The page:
Related Article: For a gas grill check out our tutorial on how to smoke on a gas grill using wood chips.

Chef’s Tip – If the roast is done earlier than you want to slice and serve, take the wrapped tri tip and put into a small cooler with no ice. It will stay warm for up to two hours if you don’t open the cooler. Then slice and serve when ready.

Smoked tri tip on a grill.
Smoked tri tip will darken in color as the time goes on.

How Long To Smoke Tri Tip

The average 2 pound roast should take no more than 60 minutes for rare, or 90 minutes for medium rare when smoking. As a reminder, always cook to temperature, not time for best results.

To best measure temperature consider at the minimum a good instant read meat thermometer like the Thermoworks Thermapen One, or a leave in Bluetooth thermometer like the Thermoworks Smoke Unit.

How To Slice Tri Tip

Tri tip will have two directions for the grains due to where it is butchered. Following the rule of slicing against the grain, place the tri tip on your cutting board.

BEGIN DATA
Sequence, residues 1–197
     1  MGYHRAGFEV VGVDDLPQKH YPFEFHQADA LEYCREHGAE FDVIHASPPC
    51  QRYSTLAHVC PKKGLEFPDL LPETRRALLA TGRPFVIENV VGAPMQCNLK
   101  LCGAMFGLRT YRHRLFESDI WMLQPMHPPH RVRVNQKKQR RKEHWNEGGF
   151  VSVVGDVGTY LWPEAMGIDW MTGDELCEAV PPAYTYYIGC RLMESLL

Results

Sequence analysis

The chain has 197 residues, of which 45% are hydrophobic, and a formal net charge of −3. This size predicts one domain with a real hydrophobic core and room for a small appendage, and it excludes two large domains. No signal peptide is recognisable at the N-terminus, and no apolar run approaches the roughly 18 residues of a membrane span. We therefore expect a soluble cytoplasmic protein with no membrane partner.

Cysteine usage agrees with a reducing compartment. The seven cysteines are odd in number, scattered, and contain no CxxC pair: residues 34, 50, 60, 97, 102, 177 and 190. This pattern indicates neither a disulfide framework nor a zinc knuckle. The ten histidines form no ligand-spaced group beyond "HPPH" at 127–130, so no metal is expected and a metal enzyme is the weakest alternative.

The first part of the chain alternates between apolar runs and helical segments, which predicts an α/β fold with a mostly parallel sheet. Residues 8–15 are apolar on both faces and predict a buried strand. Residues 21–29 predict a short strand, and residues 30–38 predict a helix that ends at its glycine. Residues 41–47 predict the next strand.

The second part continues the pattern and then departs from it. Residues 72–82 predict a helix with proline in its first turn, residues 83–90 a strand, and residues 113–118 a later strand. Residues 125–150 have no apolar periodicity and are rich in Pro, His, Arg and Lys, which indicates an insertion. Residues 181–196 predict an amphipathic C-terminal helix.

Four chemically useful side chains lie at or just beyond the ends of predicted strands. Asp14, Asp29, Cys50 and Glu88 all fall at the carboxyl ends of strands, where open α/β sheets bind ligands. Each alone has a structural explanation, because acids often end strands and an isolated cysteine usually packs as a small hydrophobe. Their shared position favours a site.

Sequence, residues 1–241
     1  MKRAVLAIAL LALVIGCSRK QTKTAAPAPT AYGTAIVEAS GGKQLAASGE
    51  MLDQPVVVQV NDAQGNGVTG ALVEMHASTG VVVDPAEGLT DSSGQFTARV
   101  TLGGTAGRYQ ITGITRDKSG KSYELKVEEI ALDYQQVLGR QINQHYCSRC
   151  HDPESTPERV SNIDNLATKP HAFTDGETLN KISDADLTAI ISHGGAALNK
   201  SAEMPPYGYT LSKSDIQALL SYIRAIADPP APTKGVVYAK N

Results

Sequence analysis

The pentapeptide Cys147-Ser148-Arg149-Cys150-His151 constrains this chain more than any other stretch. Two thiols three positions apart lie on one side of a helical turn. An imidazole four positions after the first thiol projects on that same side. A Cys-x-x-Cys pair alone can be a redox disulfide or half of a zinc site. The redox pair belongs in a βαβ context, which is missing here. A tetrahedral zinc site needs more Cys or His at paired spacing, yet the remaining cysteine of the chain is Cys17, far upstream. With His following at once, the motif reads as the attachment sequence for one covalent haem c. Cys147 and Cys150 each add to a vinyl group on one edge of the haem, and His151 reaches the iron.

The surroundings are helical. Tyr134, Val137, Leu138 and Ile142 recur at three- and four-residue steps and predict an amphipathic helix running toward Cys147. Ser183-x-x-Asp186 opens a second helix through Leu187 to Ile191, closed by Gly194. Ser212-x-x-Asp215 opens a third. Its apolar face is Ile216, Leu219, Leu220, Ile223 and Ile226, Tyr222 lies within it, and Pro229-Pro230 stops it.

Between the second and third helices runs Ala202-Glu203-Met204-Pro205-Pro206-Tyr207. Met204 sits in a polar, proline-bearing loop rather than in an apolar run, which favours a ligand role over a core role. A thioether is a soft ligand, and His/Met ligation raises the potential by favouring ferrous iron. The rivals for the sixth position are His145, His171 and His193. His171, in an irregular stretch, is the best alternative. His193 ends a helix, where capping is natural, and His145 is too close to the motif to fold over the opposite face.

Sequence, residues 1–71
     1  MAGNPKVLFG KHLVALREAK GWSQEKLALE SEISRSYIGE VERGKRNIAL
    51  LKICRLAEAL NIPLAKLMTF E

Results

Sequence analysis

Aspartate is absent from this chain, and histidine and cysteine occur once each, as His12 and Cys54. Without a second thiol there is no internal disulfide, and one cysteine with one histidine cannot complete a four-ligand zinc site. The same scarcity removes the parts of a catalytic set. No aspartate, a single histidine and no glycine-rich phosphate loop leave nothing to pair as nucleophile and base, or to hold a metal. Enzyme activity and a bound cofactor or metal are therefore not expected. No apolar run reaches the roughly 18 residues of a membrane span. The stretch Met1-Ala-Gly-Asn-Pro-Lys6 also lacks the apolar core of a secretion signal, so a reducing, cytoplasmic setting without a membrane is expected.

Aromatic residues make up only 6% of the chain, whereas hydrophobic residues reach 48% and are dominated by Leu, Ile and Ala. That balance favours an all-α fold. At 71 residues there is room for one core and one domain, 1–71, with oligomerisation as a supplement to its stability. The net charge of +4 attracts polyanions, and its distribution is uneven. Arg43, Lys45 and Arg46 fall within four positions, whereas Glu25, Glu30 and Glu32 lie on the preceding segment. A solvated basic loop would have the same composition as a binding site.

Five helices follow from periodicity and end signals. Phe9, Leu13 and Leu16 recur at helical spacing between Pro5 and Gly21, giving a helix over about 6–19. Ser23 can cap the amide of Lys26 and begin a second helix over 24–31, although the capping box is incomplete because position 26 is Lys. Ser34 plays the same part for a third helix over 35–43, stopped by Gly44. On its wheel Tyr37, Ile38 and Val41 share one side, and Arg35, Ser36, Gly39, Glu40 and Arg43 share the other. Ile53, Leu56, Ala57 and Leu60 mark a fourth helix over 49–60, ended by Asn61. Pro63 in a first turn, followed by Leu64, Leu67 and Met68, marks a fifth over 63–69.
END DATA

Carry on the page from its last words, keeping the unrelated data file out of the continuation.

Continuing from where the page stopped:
Start slicing the thin tail end. Then as you get closer to the thicker side, rotate the tri tip 90 degrees and continue slicing.

Slicing against the grain is important to keep the cellular connectivity which in turn helps keep the tender texture and moisture. If you slice with the grain, the taste will be slightly chewy because you are breaking the cells by slicing with the grain, and all the liquid they absorbed comes right out.

Expert Tip: If you are using a large cutting board, add a kitchen towel underneath it to prevent it from slipping while you are cutting.

Frequently Asked Questions

What is tri tip